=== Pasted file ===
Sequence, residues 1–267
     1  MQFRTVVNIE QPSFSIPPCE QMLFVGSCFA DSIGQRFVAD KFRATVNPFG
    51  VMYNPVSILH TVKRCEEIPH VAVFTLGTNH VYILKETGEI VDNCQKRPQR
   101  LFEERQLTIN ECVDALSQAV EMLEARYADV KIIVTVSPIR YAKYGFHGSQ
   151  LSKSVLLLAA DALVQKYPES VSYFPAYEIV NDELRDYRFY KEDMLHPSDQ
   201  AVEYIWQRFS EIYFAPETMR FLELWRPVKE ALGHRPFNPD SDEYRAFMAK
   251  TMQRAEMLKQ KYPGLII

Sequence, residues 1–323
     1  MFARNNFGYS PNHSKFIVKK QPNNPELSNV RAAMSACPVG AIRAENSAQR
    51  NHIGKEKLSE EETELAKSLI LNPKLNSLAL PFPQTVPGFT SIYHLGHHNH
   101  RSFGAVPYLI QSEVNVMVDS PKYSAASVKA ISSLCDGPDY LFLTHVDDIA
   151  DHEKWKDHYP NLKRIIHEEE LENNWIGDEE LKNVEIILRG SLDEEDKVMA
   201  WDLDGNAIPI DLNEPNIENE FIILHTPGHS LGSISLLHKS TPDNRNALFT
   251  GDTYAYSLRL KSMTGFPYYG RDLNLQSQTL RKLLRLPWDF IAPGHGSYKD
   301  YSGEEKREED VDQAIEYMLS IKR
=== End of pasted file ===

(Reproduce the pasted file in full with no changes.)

Sequence, residues 1–267
     1  MQFRTVVNIE QPSFSIPPCE QMLFVGSCFA DSIGQRFVAD KFRATVNPFG
    51  VMYNPVSILH TVKRCEEIPH VAVFTLGTNH VYILKETGEI VDNCQKRPQR
   101  LFEERQLTIN ECVDALSQAV EMLEARYADV KIIVTVSPIR YAKYGFHGSQ
   151  LSKSVLLLAA DALVQKYPES VSYFPAYEIV NDELRDYRFY KEDMLHPSDQ
   201  AVEYIWQRFS EIYFAPETMR FLELWRPVKE ALGHRPFNPD SDEYRAFMAK
   251  TMQRAEMLKQ KYPGLII

Sequence, residues 1–323
     1  MFARNNFGYS PNHSKFIVKK QPNNPELSNV RAAMSACPVG AIRAENSAQR
    51  NHIGKEKLSE EETELAKSLI LNPKLNSLAL PFPQTVPGFT SIYHLGHHNH
   101  RSFGAVPYLI QSEVNVMVDS PKYSAASVKA ISSLCDGPDY LFLTHVDDIA
   151  DHEKWKDHYP NLKRIIHEEE LENNWIGDEE LKNVEIILRG SLDEEDKVMA
   201  WDLDGNAIPI DLNEPNIENE FIILHTPGHS LGSISLLHKS TPDNRNALFT
   251  GDTYAYSLRL KSMTGFPYYG RDLNLQSQTL RKLLRLPWDF IAPGHGSYKD
   301  YSGEEKREED VDQAIEYMLS IKR